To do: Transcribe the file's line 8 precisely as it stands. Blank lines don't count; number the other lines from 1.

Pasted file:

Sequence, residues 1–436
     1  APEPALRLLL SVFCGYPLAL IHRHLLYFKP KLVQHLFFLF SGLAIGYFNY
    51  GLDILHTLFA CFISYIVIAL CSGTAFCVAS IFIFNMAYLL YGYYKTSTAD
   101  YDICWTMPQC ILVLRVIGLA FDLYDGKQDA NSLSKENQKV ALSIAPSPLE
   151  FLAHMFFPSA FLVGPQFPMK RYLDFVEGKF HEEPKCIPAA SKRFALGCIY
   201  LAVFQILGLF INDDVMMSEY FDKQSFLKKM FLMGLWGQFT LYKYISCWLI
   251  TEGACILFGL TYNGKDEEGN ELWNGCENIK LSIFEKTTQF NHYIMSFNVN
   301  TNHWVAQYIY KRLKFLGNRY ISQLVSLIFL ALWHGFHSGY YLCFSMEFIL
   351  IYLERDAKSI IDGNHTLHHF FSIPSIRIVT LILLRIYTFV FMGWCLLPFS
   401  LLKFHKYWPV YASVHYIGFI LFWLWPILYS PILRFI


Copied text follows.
   301  TNHWVAQYIY KRLKFLGNRY ISQLVSLIFL ALWHGFHSGY YLCFSMEFIL